The update addresses Leopard's firewall, the most highly-publicised shortcoming in the operating system.
Shortly after Leopard's public release in October, researchers claimed that the firewall was not doing its job.
Heise Security researcher Jurgen Schmidt said that users would not be able to rely on the firewall to block potentially harmful traffic, even at its most secure setting.
Apple explained that the issues Schmidt had highlighted were down to the way Leopard classifies its 'block all incoming connections' setting.
When users select the option to block all incoming connections, processes running at the root level are not blocked by the firewall.
"The 'block all incoming connections' setting for the firewall is misleading, " Apple admitted.
Apple is changing the option from 'block all incoming connections' to 'allow only essential services' in an effort to provide a more accurate description.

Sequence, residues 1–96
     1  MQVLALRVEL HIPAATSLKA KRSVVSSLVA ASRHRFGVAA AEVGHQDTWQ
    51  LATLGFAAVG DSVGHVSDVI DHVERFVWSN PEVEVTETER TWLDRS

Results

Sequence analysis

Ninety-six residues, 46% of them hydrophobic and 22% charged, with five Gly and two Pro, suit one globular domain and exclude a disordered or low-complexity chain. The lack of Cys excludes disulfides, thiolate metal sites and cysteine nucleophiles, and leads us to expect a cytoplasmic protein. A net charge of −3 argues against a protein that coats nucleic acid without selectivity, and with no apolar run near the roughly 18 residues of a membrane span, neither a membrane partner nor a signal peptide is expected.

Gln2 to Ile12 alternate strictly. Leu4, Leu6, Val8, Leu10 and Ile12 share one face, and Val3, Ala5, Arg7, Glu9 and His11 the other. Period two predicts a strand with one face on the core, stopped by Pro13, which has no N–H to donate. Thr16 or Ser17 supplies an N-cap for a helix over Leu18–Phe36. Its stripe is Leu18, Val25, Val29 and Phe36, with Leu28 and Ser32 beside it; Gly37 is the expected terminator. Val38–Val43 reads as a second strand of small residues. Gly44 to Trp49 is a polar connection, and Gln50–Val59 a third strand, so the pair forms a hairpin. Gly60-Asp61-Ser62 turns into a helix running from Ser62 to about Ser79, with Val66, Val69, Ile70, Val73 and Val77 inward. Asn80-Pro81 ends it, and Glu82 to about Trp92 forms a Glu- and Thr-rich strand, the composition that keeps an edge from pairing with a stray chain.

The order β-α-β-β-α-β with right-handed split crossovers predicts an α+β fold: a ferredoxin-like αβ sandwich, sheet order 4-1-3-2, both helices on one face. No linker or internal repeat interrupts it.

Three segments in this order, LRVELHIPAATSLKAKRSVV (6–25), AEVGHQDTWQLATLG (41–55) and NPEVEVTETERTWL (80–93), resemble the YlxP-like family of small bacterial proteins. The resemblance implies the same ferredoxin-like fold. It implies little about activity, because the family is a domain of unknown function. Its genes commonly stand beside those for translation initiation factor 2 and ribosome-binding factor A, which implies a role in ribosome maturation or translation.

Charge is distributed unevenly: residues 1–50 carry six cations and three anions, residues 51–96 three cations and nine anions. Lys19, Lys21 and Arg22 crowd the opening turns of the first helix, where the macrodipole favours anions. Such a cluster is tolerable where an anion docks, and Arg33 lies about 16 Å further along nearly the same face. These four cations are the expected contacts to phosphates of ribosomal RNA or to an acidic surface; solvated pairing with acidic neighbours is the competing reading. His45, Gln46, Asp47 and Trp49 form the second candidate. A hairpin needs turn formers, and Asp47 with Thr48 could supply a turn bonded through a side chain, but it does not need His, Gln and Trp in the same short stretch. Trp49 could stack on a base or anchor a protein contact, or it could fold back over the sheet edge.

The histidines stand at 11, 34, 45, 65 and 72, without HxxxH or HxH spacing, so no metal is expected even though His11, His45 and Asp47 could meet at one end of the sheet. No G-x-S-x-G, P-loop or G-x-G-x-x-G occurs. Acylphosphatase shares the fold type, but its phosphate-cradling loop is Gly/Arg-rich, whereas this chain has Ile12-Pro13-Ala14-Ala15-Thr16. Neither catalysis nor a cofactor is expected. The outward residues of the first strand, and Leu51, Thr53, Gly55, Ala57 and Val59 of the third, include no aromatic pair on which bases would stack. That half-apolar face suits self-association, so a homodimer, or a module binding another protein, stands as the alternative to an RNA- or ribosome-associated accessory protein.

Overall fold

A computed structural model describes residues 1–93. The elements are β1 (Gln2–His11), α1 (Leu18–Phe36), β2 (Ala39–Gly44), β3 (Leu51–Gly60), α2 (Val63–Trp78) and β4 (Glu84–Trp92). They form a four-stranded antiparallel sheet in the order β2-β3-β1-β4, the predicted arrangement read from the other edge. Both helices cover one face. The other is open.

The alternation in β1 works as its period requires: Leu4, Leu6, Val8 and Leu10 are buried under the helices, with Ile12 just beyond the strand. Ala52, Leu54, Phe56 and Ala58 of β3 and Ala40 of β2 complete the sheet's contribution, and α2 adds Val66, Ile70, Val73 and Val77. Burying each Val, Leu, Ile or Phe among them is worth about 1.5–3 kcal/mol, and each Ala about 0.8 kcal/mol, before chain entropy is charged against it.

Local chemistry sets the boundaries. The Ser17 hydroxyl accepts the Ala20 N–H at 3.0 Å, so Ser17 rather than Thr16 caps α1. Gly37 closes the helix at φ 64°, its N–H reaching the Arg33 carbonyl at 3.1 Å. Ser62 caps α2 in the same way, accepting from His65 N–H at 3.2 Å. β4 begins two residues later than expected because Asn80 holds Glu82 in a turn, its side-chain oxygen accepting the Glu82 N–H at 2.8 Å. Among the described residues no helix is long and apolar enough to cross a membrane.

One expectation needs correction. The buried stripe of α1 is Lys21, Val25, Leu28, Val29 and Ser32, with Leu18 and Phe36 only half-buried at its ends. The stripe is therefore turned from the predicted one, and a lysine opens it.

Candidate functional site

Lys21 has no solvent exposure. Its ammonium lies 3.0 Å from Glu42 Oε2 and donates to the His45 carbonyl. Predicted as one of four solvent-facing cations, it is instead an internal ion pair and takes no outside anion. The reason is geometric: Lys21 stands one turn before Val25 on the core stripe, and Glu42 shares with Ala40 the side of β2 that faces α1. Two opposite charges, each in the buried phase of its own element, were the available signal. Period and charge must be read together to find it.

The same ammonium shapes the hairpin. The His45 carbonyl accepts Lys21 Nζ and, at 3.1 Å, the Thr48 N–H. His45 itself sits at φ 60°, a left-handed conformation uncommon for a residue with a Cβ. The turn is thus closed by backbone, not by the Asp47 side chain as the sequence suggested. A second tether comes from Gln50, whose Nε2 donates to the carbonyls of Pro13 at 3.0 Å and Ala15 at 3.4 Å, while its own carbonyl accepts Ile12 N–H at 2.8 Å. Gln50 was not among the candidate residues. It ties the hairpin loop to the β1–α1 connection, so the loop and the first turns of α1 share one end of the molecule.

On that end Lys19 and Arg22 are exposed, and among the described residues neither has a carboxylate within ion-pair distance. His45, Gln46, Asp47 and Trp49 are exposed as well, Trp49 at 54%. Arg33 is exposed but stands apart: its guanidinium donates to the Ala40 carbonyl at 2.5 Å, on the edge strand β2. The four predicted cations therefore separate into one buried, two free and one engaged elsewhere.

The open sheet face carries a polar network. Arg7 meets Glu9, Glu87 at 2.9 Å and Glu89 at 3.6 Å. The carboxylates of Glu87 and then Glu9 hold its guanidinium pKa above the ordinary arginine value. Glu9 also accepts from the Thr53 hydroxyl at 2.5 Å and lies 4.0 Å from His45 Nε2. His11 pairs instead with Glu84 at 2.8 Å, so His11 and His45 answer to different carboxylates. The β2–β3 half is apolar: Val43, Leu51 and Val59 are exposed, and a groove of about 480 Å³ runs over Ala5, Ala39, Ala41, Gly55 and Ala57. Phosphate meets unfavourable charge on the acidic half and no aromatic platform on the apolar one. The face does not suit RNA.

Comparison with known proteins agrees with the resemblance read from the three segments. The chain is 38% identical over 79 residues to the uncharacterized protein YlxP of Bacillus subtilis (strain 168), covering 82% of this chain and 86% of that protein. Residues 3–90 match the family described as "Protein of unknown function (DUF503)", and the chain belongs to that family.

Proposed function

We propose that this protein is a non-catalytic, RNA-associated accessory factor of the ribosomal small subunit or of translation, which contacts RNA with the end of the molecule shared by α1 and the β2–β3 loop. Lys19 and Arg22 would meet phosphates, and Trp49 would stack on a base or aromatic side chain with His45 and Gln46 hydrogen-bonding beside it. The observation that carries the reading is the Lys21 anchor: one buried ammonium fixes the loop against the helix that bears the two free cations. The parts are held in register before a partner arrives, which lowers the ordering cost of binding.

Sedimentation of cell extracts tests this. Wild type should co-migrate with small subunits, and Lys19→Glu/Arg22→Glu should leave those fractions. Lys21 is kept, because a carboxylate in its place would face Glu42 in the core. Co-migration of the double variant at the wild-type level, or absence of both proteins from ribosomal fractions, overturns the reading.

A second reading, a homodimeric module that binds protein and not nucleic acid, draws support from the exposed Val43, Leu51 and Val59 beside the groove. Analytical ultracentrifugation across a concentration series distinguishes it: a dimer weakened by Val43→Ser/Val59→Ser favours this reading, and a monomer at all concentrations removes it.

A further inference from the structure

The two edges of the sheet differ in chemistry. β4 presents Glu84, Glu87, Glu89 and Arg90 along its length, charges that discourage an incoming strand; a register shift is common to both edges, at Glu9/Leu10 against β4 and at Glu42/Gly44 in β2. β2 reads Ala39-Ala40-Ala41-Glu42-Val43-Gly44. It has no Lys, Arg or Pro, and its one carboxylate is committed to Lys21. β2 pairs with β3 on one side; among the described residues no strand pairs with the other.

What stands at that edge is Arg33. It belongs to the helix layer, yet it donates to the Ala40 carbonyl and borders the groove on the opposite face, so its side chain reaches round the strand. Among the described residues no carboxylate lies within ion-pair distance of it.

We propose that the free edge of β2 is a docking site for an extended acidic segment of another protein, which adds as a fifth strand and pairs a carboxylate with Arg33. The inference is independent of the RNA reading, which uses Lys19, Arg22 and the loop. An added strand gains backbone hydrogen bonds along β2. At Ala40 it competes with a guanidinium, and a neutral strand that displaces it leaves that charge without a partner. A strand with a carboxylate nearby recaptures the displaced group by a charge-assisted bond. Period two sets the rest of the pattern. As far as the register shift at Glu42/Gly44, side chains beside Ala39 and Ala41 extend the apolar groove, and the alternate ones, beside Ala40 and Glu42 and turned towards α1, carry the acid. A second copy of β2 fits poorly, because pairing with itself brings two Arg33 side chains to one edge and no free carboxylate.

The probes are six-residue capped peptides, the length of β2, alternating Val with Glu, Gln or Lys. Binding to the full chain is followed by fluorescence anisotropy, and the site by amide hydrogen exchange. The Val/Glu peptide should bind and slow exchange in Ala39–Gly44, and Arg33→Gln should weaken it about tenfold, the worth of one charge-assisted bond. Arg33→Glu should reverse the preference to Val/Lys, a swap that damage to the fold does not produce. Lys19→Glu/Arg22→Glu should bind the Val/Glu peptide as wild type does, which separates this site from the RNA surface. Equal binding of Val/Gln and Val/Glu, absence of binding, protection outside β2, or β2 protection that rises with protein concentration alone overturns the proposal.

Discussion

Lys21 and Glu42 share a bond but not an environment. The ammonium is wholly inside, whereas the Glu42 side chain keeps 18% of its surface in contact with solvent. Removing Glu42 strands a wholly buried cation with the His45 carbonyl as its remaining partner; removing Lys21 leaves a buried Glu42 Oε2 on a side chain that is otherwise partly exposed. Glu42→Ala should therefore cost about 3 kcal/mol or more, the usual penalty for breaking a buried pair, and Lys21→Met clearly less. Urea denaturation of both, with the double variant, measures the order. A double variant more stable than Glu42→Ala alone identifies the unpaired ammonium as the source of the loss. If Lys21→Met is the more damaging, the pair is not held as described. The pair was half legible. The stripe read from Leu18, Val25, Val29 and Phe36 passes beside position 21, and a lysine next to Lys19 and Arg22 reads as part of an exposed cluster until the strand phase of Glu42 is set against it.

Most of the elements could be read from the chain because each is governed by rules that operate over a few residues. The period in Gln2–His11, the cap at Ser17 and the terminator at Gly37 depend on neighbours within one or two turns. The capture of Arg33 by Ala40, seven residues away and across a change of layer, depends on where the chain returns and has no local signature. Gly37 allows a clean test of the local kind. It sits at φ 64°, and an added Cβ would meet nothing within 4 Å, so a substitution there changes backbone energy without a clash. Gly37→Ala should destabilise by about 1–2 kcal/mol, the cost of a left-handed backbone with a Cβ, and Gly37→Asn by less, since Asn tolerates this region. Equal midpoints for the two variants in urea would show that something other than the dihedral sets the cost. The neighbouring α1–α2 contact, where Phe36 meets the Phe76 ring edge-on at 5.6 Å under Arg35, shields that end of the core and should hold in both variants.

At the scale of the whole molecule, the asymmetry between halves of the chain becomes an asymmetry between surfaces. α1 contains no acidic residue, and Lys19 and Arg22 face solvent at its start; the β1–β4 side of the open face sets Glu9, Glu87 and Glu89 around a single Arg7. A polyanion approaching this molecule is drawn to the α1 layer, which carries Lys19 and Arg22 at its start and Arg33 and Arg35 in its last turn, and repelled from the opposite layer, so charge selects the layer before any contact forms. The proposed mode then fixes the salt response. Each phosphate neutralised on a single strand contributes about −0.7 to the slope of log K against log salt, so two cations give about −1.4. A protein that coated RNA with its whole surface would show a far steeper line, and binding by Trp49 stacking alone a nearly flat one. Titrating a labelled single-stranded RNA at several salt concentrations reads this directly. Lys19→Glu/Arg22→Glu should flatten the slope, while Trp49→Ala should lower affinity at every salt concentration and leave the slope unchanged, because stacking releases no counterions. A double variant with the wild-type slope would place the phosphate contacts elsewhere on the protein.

Among the processes not blocked under the setting are components for DHCP network configurations, IPsec security protocols and Bonjour networking software.
The update will also provide the option to further enhance Leopard's firewall protection by allowing users to block all connections for a specific application, including root-level connections which had previously been allowed.
Apple also corrected an issue in which some firewall preferences would not take effect until certain process had been restarted.
The update only effects OS X Leopard. Users can obtain the update through the Apple Downloads site or through the OS X Software Update component.
Apple fixes Leopard firewall
By Shaun Nichols on Nov 19, 2007 12:08PM